Hola Jim,
More of a future audio thing: Make the XLR connections work with both a normal analog mic signal if that is what's connected or an AES 42 digital mic signal if a mic that supports AES 42 is present... "Digital mic signal?" Here's the deal- I'm not sure if you're aware but Neumann ( for the folks who don't know, they pretty much represent the mic equivalent of Zeiss or Cooke...) has been building "digital" mics that convert the sound to digital at the mic capsule rather than going through the various analog preamp stages that one normally uses to aquire a useful signal... They developed a spec in conjunction with the Audio Engineering Society that allows remote control of all parameters of the signal coming off of the mic plus the actual digital audio signal over an already standard XLR connection. As a guy who owns and uses a bunch of the very finest traditional analog mics, old and new, as well as some of Neumann's Solution D's ( their first digital offering.. ) in recording studios, live recording, dialog, etc. I can tell you from personal experience that while there isn't too much of a range of choices at this point, the approach seems to be a better mousetrap... The advantages are many, including super low power draw, truly unbelievable definition, zero hum and hiss and the list goes on... I think it relates specifically in that it's sort of the audio equivalent of what you're doing with the camera, that being ultra high rez data capture at the point of origin, totally new school for sure. The idea of being able to plug something that functions on that level audio wise directly into a your camera in the field is pretty compelling to me, the mic pre's on even the very best field mixers are miles behind in comparison. I feel that the approach very much relates to Red's progressive "we're not concerned about how it used to be done because how it used to be done kind of sucks compared to this" stance on technology, check it out...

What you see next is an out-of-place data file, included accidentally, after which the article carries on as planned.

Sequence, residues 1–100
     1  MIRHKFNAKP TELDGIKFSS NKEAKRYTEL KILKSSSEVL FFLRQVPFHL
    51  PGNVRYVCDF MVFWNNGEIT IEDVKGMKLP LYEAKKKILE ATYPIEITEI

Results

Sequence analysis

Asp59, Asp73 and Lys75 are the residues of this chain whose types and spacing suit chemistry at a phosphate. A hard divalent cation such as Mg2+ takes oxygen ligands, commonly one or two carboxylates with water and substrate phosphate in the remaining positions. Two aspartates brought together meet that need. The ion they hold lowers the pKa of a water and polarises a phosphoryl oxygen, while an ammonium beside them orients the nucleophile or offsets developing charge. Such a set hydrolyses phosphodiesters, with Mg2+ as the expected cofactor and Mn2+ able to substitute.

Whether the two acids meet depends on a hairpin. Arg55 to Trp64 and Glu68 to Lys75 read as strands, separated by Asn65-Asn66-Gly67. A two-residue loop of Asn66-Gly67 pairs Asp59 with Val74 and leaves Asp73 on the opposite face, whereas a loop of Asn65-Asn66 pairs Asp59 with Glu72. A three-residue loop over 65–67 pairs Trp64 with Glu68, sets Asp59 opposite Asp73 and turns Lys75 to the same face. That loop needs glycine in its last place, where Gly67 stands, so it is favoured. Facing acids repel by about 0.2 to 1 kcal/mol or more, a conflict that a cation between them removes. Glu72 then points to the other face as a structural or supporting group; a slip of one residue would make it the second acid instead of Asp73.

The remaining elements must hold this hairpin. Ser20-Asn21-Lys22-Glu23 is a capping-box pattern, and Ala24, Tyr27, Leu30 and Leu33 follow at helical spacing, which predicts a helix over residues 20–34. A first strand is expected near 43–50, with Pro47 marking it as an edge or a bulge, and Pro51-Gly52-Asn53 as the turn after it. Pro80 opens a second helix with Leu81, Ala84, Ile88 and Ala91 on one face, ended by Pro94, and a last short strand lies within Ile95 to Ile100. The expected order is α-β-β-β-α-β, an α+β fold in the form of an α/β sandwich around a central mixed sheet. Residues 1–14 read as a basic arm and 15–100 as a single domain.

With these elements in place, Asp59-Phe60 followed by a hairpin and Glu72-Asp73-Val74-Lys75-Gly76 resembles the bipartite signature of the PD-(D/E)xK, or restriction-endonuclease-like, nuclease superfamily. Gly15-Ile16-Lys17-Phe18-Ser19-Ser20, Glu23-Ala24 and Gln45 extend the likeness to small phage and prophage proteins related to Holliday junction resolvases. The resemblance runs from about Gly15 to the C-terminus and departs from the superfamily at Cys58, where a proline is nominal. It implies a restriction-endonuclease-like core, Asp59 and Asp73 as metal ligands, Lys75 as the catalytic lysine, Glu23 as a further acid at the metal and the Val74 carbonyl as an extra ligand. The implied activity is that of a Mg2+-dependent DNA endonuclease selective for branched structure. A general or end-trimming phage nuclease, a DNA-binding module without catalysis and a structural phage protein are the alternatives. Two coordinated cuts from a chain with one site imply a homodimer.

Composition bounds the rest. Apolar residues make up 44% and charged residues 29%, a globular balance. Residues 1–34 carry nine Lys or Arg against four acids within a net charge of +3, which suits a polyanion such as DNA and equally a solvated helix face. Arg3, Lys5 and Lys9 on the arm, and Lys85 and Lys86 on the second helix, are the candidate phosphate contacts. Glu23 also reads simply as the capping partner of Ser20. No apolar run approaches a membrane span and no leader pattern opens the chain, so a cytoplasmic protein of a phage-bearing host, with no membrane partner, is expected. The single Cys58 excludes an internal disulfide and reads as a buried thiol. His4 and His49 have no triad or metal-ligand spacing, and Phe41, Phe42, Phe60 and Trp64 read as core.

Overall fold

http://www.neumann.com/?lang=en&id=c...nd_description

It was also used for some of the fx on the Matrix apparently...

http://mixonline.com/news/audio_neum...sed/index.html

The Audio Engineering Society can provide white papers on the spec if you're interested in understanding it on a more technical level...

http://www.aes.org/

Maybe it's not a this week sort of thing but an incredible way to record sound that is clearly the wave of the future, I thought you should be aware of it... Thanks for taking the time to listen...
ciao!
Chris

for the haters on the board: no I'm not talking about putting a large diaphram studio mic on top of the camera or whatever, it's more about the potential of the spec than anything at this point...And besides, all you have to do is hear how it does it's thing and you won't be hating for long...